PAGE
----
American Pharoah’s Jockey Goes To Grave Of Chabad-Lubavitch Rebbe

When you have failed twice to win a Triple Crown, when 12 horses have won the Kentucky Derby and Preakness but failed at the Belmont Stakes, when there hasn’t been a Triple Crown champion since Steve Cauthen rode Affirmed 37 long years ago, you pay a visit to the Ohel Chabad Lubavitz in Cambria Heights, a veritable Secretariat gallop from the track.

Victor Espinoza, who missed his shot at history a year ago with California Chrome, gets another chance Saturday on favorite American Pharoah, and if the spirit of Rebbe Menachem Mendel Schneerson proves to be a source of inspiration for him, well, a little divine intervention never hurts.

People from all walks of life visit the religious visitor center near The Rebbe’s burial site to pray for blessing, guidance and inspiration, and here was Victor Espinoza, clad in a cap and jeans, writing a prayer in Spanish and lighting a candle before ripping the paper into pieces and tossing it on the gravesite. Everywhere he went, he carried the book “Rebbe: The Life and Teachings of Menachem M. Schneerson, the Most Influential Rabbi in Modern History,” by Joseph Telushkin. He read King David’s Book of Psalms. He followed instructions to walk backwards out of respect when he left the gravesite.

“I’m not a superstitious guy,” Espinoza told The Post. “So whatever happens, if it’s meant to be, it’s meant to be. If not, then I move on like last year.”

I said to Espinoza: “A little divine intervention might not hurt, right?”

Espinoza, now outside the Anna House, where he painted with kids and signed a beautiful Susan Sommer-Luarca portrait of American Pharoah, smiled and replied: “At this point, yeah, if it helps, it helps.”

Outside Ohel Chabad, before he was driven to Anna House on the Belmont backstretch, Espinoza was asked about his written prayer.

“I think for me the most important thing is health. … Safety and health is the most important thing in life,” Espinoza said.

Why is that the most important thing for you? “Not just for me, I think for everybody. Every single human being, we need health and safety,” Espinoza said.

Perhaps he didn’t want to put so much pressure on the racing gods to actually pray outright for a Triple Crown.

“He said he was here for inspiration, and felt that he wanted to come here and say a prayer before his race,” a man involved in the visit said.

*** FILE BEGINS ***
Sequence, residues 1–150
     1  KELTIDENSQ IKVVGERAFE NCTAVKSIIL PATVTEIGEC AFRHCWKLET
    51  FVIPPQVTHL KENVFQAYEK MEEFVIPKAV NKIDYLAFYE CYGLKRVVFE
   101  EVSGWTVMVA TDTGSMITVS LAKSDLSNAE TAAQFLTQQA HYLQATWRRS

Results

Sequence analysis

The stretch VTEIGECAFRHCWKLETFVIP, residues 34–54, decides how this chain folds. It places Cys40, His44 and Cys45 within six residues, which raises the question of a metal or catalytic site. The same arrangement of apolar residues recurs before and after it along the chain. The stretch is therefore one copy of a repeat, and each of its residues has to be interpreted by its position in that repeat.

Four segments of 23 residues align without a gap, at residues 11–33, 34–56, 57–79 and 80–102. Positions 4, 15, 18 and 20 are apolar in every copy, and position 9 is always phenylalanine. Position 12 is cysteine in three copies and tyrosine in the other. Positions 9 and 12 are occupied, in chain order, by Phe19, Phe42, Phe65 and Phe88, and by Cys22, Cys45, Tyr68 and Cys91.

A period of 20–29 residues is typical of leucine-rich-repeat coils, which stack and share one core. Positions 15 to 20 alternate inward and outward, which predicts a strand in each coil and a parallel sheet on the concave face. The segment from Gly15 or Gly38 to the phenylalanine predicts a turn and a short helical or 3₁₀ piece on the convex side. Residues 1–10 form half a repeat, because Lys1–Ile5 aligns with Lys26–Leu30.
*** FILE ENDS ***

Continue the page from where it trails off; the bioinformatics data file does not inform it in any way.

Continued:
Mission accomplished.

“No matter what religion you are, or what temple you go, you always come out with a different energy,” Espinoza said, and then laughed when he added, “which is good.”

It was a blessing before the Preakness from Rabbi Sholom Ber Korf that prompted the visit Thursday by Espinoza.

“He asked for a blessing and I gave him the blessing, that he should be successful and be safe,” Rabbi Korf told The Post from Delray Beach, Fla. “It was explained to me that Victor’s the type of person that doesn’t just do it for himself, he supports various charities, Cancer For Children, so a win for him is not just a win for himself, it’s a win for all the charity causes that he supports. So I felt a blessing was in order.”

Espinoza wanted to visit The Rebbe’s gravesite when he learned about it.

“Many people who are either for reasons of personal need for health or otherwise, have come from all around the world, Jews and non-Jews alike, to be at The Rebbe’s gravesite, and ask for blessings,” Rabbi Korf said. “There’s no better place where there’s a presence of holiness, and someone who’s spiritually very well-connected to God, to ask for a blessing.”

I asked Rabbi Korf: “It’s pretty powerful having The Rebbe in your corner, right? He laughed and said: “I’d certainly want to have The Rebbe in my corner!”

Espinoza is 43 years old and a spiritual man. “I pray probably 10 times a day,” he said. “I meditate probably five, six times a day.”

The race was 53 hours away now. This has been The Week That Was for the gregarious Espinoza, who was welcomed to the big time Thursday with a Page Six item about his relationship with leggy 19-year-old blonde Kelly Kovalchick, which he insists isn’t romantic.

“She’s a friend who is a big racing fan and enjoys going to events,” Espinoza told The Post.

Espinoza enjoyed his time at Anna House, which received a $100,000 donation Thursday from American Pharoah owner Ahmed Zayat.

“I was really looking forward to come here to just hang out with the kids,” Espinoza said. “Kids are fun, they’re interesting.” He laughed. “Because they say how they feel, right?”

From the way the kids gravitated to him, it looks like they’ll be praying for a Triple Crown themselves.

NY POST

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